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County opens new EMS station in North Fort Myers

March 29, 2018
Fort Myers Beach Bulletin, Fort Myers Beach Observer


Lee County held a ribbon cutting ceremony for the new Trail Dairy EMS Station No. 17, in North Fort Myers Tuesday.

The $750,000, 1,600-square-foot facility at 2900/2910 Trail Dairy Circle will operate 24 hours a day, seven days a week. It will serve the communities along U.S. 41 north of the Del Prado Boulevard Extension and Suncoast Estates in North Fort Myers.

Benjamin Abes, Lee County EMS chief, said it's an exciting opportunity for the community because the station returns 24-hour ambulance coverage to the area.

"While this is located in North Fort Myers and will primarily serve the areas north of Del Prado, Sun Coast Estates and areas around Pine Island Road, our ambulances are fluid, so if North Fort Myers or Cape Coral are busy, this ambulance can help cover not only this area, but others as well, he said."

County commissioners Brian Hamman and Cecil Pendergrass and other county and fire officials were on hand for the event that including a ceremonial flag raising, comments from county personnel and, of course, the ribbon cutting.

Guests were also invited to take a tour of the facility, which is right behind the fire station.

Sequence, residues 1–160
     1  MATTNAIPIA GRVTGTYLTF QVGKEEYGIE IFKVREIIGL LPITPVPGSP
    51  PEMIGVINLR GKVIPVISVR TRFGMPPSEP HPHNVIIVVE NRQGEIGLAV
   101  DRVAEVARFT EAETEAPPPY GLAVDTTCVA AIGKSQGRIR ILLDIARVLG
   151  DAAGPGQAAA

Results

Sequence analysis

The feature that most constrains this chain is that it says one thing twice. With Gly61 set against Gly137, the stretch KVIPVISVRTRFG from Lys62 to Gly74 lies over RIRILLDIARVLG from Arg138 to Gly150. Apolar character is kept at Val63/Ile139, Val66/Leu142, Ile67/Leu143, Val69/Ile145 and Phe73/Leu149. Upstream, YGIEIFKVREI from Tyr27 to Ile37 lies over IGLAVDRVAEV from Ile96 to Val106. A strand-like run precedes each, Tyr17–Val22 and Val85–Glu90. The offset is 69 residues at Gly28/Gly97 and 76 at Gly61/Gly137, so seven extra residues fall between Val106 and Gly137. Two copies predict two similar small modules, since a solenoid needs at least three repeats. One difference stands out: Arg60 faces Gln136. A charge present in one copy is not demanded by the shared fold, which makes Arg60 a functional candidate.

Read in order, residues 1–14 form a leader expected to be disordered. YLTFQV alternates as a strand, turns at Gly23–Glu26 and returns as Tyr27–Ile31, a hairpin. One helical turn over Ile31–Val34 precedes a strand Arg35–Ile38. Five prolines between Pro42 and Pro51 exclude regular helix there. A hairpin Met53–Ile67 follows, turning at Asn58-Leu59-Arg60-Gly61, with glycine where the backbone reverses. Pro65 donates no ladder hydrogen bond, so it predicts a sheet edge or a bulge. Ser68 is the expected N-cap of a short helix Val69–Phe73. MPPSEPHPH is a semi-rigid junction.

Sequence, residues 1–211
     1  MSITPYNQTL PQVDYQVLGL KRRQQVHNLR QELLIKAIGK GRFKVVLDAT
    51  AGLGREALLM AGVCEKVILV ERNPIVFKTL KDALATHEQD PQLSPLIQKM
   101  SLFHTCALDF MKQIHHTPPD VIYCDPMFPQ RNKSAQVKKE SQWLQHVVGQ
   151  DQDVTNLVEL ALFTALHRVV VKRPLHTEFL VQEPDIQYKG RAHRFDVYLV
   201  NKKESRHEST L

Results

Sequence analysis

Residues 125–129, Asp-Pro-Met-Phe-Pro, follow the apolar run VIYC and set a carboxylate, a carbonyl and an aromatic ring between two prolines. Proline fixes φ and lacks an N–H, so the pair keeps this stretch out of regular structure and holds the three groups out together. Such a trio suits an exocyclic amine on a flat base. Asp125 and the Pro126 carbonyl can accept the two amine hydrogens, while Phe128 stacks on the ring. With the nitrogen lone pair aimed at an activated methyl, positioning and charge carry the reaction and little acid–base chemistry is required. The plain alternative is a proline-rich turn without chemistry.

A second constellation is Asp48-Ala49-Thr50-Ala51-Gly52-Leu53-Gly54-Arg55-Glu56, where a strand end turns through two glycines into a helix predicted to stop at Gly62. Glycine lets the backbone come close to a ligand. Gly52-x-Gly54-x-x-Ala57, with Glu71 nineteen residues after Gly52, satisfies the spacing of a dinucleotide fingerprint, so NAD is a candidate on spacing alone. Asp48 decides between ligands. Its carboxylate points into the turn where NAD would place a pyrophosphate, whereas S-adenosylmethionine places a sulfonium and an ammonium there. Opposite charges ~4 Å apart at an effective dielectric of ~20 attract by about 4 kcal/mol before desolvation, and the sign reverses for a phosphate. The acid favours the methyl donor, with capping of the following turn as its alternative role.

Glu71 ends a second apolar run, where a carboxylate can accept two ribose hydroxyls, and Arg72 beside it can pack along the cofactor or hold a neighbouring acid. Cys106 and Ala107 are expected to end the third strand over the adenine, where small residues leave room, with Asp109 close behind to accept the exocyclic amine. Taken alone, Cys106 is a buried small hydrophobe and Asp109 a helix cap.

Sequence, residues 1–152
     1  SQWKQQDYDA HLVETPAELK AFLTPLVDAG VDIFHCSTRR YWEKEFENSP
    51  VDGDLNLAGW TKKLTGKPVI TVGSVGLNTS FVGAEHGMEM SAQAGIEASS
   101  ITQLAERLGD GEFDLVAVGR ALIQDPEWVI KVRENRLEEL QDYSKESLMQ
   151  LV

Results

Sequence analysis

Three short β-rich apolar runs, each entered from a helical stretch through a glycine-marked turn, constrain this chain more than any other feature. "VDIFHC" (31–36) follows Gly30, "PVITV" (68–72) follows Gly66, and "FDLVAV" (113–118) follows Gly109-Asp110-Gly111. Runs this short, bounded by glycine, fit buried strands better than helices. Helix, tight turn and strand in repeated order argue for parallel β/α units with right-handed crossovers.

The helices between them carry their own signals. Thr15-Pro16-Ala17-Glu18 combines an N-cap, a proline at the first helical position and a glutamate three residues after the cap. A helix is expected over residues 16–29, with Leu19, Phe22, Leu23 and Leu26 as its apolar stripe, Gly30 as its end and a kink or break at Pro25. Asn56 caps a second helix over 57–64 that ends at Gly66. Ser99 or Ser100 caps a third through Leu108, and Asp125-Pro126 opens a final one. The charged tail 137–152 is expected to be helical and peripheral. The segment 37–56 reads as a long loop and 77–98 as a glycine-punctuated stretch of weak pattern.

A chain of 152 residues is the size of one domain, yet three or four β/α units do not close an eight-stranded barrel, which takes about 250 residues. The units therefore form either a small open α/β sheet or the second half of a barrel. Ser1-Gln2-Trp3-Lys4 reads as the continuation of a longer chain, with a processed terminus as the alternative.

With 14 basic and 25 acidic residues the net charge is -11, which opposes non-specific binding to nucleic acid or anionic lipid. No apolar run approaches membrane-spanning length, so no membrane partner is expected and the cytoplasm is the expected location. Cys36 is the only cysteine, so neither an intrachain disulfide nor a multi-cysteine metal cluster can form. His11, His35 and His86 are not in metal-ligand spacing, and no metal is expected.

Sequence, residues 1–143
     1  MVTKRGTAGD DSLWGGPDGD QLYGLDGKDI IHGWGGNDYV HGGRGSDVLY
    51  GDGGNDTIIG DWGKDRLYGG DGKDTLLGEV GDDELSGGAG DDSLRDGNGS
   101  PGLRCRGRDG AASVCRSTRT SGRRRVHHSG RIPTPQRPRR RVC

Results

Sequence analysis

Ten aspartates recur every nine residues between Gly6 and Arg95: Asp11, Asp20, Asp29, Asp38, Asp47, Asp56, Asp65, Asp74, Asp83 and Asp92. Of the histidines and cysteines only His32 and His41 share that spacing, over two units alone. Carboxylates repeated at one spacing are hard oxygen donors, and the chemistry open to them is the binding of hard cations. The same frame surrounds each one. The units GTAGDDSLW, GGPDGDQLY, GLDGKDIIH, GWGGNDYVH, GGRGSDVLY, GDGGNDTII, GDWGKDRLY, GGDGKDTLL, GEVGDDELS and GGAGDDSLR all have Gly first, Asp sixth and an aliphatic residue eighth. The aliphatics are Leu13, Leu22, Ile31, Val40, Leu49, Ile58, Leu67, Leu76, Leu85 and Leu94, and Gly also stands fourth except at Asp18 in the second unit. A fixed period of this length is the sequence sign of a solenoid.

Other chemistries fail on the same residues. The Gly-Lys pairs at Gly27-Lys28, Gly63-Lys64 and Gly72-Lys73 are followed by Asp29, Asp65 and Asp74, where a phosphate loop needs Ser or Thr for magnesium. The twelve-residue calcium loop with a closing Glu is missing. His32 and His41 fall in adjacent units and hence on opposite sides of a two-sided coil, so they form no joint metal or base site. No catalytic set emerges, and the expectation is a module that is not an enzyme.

"The area north of the river is growing rapidly and it's important for us to keep up with that growth. This allows us to add another ambulance unit to serve the folks who live here," Hamman said.

North Fort Myers Fire Chief David Rice said this project had been in the works for several years and that he was honored to be there for the ceremony.

"We've always had a great relationship with Lee County EMS and worked together to provide the best service possible for the community," Rice said. "There's a great senior living area and it's important to have a unit here 24/7."

The need for ambulance services became evident in the years after the recession when many fire districts had to consolidate their operations, lay off workers and make due with less.

This made for cramped quarters for fire and emergency personnel and didn't allow for around-the-clock EMS services.

"We wanted to expand the station, but it wasn't a good financial move. We donated the land to Lee County and they built the facility. If we need to expand it, I'm told we can do that," said Fire Commissioner Danny Ballard.

The BOCC approved the site plan for the station last summer, and construction began just before Hurricane Irma came in September, which presented many challenges, Hamman said.

"One of the problems we had was drainage. This site used to be under two feet of water so we had to rework all the drainage and fill the site up," Hamman said.

The project still came in on time and on budget.

In 2017, Lee County EMS responded to more than 86,000 emergency incidents and transported nearly 60,000 patients.



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